When to use “que” and “de que”

2018-06-15 09:19:13

Español

En ciertas oraciones no sé si es más correcto usar que o de que. ¿Cuáles son las reglas para utilizar que/de que?

Ejemplos:

Estoy seguro que me fue bien.

Estoy seguro de que me fue bien.

English

In some sentences I don't know when it is more correct to use que or de que. What are the rules for using que/de que?

Examples:

Estoy seguro que me fue bien.

Estoy seguro de que me fue bien.

There is a simple rule I learned in high school (oh so many years ago) and stuck with me.

You need to replace que and everything after it with eso (which means it), then you will easily see which one is wrong.

Estoy seguro eso (I'm sure it), is wrong.

Estoy seguro de eso (I'm sure of it), is correct.

This helped me from the moment I learned it, up until now that I've written this answer :)

The proof of Juan Manual works perfectly but I want to explain why its works.

Some words (can be nouns, adverbs, etc) needs a preposition ("de"

  • There is a simple rule I learned in high school (oh so many years ago) and stuck with me.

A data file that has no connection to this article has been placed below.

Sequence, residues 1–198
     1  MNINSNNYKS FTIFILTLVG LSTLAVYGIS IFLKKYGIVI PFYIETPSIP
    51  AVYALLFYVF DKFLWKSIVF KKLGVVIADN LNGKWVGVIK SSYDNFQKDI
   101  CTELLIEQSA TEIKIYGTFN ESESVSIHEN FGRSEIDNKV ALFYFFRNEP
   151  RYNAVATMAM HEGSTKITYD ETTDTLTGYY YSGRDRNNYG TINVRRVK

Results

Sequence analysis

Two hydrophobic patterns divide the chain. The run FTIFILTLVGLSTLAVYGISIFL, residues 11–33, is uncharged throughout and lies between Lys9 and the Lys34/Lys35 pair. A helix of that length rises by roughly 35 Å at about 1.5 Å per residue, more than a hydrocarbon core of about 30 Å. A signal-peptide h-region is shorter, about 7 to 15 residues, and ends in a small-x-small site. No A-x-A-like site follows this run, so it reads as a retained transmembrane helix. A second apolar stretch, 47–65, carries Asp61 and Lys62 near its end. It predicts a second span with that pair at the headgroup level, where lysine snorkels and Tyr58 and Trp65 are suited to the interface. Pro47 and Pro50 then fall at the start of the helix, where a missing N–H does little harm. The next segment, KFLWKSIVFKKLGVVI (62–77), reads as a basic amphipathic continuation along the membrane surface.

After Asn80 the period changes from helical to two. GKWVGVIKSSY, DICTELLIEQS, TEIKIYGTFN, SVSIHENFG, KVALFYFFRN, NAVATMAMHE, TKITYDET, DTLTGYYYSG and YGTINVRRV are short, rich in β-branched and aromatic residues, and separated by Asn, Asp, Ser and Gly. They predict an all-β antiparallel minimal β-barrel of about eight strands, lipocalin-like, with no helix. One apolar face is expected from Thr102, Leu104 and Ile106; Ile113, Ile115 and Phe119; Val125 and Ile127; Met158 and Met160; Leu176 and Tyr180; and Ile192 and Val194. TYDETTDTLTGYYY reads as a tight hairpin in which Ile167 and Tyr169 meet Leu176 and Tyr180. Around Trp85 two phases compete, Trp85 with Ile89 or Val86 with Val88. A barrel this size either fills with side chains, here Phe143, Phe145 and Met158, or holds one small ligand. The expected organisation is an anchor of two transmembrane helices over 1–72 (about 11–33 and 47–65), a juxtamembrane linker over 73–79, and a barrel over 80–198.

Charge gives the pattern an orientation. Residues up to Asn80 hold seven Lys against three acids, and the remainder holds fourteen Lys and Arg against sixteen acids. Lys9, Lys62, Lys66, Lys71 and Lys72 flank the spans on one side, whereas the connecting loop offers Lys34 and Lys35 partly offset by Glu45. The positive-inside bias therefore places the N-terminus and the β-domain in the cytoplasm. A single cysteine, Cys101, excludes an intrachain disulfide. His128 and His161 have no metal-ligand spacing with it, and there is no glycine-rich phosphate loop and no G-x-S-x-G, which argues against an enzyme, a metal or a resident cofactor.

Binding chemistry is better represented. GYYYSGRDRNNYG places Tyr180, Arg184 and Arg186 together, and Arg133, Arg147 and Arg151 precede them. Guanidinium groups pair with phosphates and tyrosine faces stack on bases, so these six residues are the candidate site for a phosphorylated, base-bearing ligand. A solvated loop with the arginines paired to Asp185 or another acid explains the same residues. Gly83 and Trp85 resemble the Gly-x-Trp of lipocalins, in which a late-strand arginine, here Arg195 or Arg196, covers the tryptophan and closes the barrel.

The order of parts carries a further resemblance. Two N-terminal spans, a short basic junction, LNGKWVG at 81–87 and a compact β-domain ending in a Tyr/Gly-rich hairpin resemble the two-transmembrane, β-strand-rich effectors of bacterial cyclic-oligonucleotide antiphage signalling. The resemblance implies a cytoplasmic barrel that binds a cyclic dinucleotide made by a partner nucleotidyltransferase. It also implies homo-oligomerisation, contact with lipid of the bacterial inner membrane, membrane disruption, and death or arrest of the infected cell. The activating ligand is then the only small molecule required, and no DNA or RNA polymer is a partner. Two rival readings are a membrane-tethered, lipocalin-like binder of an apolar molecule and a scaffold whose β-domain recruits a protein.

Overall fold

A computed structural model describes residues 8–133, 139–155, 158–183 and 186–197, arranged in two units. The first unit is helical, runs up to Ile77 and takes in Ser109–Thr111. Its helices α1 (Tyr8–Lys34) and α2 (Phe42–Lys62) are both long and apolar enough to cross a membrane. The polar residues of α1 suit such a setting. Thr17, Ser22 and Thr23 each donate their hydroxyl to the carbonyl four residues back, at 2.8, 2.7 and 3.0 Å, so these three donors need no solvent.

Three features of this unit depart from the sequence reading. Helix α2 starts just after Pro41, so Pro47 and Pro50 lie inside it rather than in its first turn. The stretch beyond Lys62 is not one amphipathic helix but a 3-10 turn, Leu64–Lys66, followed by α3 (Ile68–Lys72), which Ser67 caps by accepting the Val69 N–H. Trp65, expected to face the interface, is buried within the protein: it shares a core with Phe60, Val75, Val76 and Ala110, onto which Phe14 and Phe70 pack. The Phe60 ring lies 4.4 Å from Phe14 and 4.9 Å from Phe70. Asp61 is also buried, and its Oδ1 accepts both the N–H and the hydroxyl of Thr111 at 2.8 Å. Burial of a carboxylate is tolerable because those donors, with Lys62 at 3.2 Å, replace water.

You need to replace que and everything after it with eso (which means it), then you will easily see which one is wrong.

    Estoy seguro eso (I'm sure it), is wrong.

    Estoy seguro de eso (I'm sure of it), is correct.

    This helped me from the moment I learned it, up until now that I've written this answer :)

    2018-06-15 10:07:09
  • The proof of Juan Manual works perfectly but I want to explain why its works.

    Some words (can be nouns, adverbs, etc) needs a preposition ("de") before the relative ("que"). The relative, as you maybe know, it's a referencial to the first element that you want modify with a proposition. I'll be more clear with an example:

    Estoy seguro de aprobar.

    If you replace "aprobar" (that works as a noun) with a proposition:

    Estoy seguro de que aprobaré.

    You must use "que" because it's the relative of the proposition.

    So, both of the following phrases are wrong:

    Estoy seguro aprobar.

    Estoy seguro que aprobaré.

    But, too many people in spanish don't "mistake" this. When someone really do a "queismo", if almost because is an overcorrection, they fix a good way to say it.

    Returning to the topic, the real proof for an advanced speaker is replace the proposition by a functional word as some pronoun, but the real proof is split the main sentence and detect the proposition and t

    2018-06-15 10:56:26
  • In Mexican Spanish, que means either "what" or "that" as in a preposition; de que means "of what", as in origin of something and is more of a directional designation of the origin of an object.

    2018-06-15 11:51:55